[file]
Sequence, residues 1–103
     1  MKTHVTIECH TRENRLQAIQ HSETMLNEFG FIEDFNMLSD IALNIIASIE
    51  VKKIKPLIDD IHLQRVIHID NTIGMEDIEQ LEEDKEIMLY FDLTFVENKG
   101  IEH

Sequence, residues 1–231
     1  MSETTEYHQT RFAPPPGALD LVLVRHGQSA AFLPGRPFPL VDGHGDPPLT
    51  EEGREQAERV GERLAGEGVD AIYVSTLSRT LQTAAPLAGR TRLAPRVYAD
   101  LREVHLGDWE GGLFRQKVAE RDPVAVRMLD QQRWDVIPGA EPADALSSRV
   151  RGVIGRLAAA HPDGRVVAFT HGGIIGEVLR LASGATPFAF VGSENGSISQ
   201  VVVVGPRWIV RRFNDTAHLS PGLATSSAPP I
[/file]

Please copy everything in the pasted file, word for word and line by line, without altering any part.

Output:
Sequence, residues 1–103
     1  MKTHVTIECH TRENRLQAIQ HSETMLNEFG FIEDFNMLSD IALNIIASIE
    51  VKKIKPLIDD IHLQRVIHID NTIGMEDIEQ LEEDKEIMLY FDLTFVENKG
   101  IEH

Sequence, residues 1–231
     1  MSETTEYHQT RFAPPPGALD LVLVRHGQSA AFLPGRPFPL VDGHGDPPLT
    51  EEGREQAERV GERLAGEGVD AIYVSTLSRT LQTAAPLAGR TRLAPRVYAD
   101  LREVHLGDWE GGLFRQKVAE RDPVAVRMLD QQRWDVIPGA EPADALSSRV
   151  RGVIGRLAAA HPDGRVVAFT HGGIIGEVLR LASGATPFAF VGSENGSISQ
   201  VVVVGPRWIV RRFNDTAHLS PGLATSSAPP I